“I think we’ll gain a lot. We learn from them, they learn from us and at the end we come out with better tactics, better knowledge of the airplane and how to employ it,” said Brandt.

“The missions that we’ll fly here are things that many of us haven’t done in this aircraft before, especially with the number of airplanes that are out there. That will be good from a tactical and aviation perspective. It’s going to be interesting to see how everybody from all of the services work together.”

Editor’s Note: The photos highlighting aircraft in Red Flag 2017-3 are credited to the USMC and the USAF. 

The impact of the F-35 was described in an interview with a senior RAF squadron leader earlier this year, based on his participation in Red Flag 17-1.

It is clear that the F-35 has already had a major impact on the thinking of operators and, in effect, Red Flag 17-1 saw the operators evaluating how the aircraft would work together in reshaping their operational rhythm in the combat space.

And as they did so, a way ahead in terms of Weaponization, C2 and related issues would emerge .

The F-35 has arrived and is reshaping concepts of operations as well as influencing the operational restructuring of roles and mission responsibilities of other air combat assets.

This came through very clearly in the discussion with the Wing Commander.

The RAF is in an interesting place in the reshaping of airpower.

Notably, they are carrying out an upgrade program for their Typhoons in preparation for the arrival of the F-35s, and are adding longer range strike weapons, both in terms of air to air and air to ground.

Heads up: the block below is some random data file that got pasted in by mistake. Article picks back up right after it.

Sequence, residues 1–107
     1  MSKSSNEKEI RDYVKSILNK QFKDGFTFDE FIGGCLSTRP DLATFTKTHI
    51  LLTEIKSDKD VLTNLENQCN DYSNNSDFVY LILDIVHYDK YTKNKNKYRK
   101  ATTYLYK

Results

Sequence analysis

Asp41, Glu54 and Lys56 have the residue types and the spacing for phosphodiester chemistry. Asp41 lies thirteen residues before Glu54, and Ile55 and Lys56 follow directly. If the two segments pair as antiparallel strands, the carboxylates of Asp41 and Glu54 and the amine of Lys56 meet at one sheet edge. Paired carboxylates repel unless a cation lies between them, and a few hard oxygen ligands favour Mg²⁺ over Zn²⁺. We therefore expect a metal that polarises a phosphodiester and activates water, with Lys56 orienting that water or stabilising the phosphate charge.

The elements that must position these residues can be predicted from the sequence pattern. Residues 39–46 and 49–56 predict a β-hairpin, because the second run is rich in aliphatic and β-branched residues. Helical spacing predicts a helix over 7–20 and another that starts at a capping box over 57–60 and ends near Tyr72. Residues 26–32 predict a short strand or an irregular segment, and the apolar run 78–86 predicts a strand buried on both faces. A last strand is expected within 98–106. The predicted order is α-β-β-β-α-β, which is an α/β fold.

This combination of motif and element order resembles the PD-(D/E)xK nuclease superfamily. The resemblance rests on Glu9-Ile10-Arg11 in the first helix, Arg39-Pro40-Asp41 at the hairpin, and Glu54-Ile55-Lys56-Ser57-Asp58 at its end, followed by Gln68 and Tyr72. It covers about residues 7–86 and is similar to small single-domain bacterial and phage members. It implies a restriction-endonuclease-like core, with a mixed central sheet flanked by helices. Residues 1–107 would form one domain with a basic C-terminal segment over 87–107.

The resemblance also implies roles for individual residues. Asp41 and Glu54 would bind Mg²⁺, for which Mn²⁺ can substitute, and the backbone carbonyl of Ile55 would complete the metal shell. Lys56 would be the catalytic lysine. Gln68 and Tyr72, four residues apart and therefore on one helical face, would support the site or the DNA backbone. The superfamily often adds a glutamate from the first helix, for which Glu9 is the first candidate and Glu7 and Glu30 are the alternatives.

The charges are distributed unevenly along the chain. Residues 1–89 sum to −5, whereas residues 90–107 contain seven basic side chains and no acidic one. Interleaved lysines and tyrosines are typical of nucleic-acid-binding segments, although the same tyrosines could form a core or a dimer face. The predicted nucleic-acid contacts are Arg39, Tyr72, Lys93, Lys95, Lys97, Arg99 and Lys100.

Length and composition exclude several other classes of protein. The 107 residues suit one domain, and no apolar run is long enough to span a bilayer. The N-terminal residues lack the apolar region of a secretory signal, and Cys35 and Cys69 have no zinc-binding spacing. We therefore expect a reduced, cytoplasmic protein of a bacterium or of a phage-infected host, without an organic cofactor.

They assume, correctly, that having longer range strike assets makes sense as simply operating aircraft like Super Hornets with short-range weapons makes little sense as the F-35 shapes the strike space for the combat fleet…..

When we discussed Red Flag 17-1, without going into any details, which might seem too specific, he described was how the F-35s operated close to the most stringent targets and organized information for others in the battlespace.

The Typhoon because of the performance of its defensive aids could operate in key areas to support F-35 operations along with the F-22.

The specialized capabilities of the two aircraft in turn determined how they were used and the F-15 and Growlers were positioned appropriate to their missions and capabilities in the battlespace.

A key question has been raised about how to handle C2 and weapons decisions across the battlespace.

The Sentinel and the Wedgetail both operated to provide a quarterbacking role, but given the fidelity with which the F-35 can see the battlespace sorting out relationships among the various C2 element is part of shaping the way ahead.

“It was great to have guys sit back in the Wedgetail and able to process quite a lot of information and actually operating as mission commanders for dynamic targeting missions with a range of strike or jamming aircraft.”

“The Wedgetail both in terms of the systems and the operators was really first rate, indeed cutting edge.

“It is the next generation of C2 and a step beyond the capabilities of AWACS.”

A key challenge as we integrate various assets is how to ensure we know who can see what.

“As we introduce the F-35, the pilots have to adjust to the fact that their machines will see and convey data that they themselves are not looking at.

“And different airplanes will have different levels of SA in the battlespace.

“How to adjust the operation of the force to meet this challenge?”


Red Flag 2017-1: The Perspective of the 6 Squadron Officer Commanding